Monday, January 16, 2017

Living the Writing Life

My writing life and how I live it.

People sometimes ask me how I manage to be so productive. Here are a few things that matter to me:

1)   Motivation. I am highly motivated. About ten years ago I realized that if I was really, really serious about wanting to be a published writer, I had to up my game. I was on the “write when I’m inspired” track, and that changed. Now I try to write every day. I don’t always succeed, but most of the time I do. On a 5-week trip to Africa, I took a mini Ipad and a keyboard and when everyone else in our 15-member group was napping or relaxing, I wrote 500 words—much fewer than my usual 2,000, but still, writing. Once the 500 was done, I could do as I pleased, but that was my way of keeping in the game.

2)   High energy level. Part of it is luck. I’m like my dad. He was always busy with something. In order to feed that energy, I have a good health program—I work out every day and try to maintain a diet that I know helps my energy level. (notice I said “try” I don’t always succeed)

3)   I’m focused. When I turn my attention to something, I’m all in. If I take a phone call while I’m in production-mode, I’d better write down what the conversation was about, because I may not remember it if I’m focused on what I’m working on.


4)   Limited social media. People think I spend a lot of time on social media because I’m highly visible. But I watch few videos and I skim the content for things I’m interested in. Once I’ve been on for twenty minutes or so, I start to feel antsy to move to something productive.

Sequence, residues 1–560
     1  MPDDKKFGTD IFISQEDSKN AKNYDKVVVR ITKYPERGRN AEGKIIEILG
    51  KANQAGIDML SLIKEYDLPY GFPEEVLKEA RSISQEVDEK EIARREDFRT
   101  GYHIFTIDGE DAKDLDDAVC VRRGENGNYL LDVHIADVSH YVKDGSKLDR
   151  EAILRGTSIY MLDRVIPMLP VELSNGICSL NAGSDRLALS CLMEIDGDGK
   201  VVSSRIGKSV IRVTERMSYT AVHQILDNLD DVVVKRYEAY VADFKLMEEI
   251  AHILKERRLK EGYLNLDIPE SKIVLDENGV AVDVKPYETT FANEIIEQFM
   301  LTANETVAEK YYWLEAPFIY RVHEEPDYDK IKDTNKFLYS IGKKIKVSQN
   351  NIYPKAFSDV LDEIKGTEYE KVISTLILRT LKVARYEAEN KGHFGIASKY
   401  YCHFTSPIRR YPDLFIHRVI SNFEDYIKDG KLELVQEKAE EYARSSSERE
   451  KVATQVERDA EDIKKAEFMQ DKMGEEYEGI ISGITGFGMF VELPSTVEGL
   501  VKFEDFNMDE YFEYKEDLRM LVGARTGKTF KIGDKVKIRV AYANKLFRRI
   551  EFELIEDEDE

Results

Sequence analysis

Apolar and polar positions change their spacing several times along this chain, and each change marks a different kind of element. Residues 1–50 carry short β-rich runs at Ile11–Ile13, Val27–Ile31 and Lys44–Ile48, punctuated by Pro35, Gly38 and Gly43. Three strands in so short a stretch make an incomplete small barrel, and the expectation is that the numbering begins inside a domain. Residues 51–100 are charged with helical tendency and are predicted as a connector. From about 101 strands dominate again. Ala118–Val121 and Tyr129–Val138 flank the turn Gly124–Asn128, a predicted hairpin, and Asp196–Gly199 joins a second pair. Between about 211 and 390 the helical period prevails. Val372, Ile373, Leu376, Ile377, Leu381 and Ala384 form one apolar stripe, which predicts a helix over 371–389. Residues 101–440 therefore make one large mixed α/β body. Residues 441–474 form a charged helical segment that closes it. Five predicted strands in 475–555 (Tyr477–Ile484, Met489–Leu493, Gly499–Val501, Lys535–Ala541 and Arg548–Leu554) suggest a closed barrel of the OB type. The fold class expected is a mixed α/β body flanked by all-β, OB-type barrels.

5)   Attitude. I’m an upbeat person in general. I love writing and feel incredibly lucky to be able to do it. But like anyone, I get upset or annoyed. I feed those things into my writing. Sometimes being a happy person doesn’t work so well for my writing. A couple of times I’ve been well into a book when I realized it didn’t feel lively. Every single time it meant I was making all the characters too “nice.” When I went back and added annoying characters or one with shady secret or who engendered conflict, the story picked up right away.

6)   Here’s a time management tip that has served me well: Don’t do things twice. I took a time management course, and my takeaway was, when you pick up something that needs to be done, if at all possible, don’t put it aside for later--do it now. Otherwise, you’ll have to go back and reread it a second before you take action. Of course it can’t always be avoided, but most of the time it can. I often have people say, “Thanks for getting back to me so fast.” It’s because I find it saves time to get back to someone right now rather than waiting so that I have to remember what the communication was about.

7)   Here are a few things I wish I would do:

     --be more organized with my email correspondence. I keep promising to use folders, but then I forget.
     --use my calendar more wisely
     --get an assistant, which I keep promising myself to do
     --get a bigger desk!



6 comments:

Cathy Ace said...

Congratulations on your well-deserved nomination for a Lefty Award for THE NECESSARY MURDER OF NONIE BLAKE, Terry

Richard Krauss said...

Love this advice--thank you!

Paul D. Marks said...

Good stuff, Terry. And congratulations on your Lefty nom!

Art Taylor said...

Nice post here, with good suggestions--and more importantly, congrats on the Lefty nomination. Yay!!!

Terry Shames said...

Thanks, everyone. I'm great at giving advice. Now if I could just stick to it.

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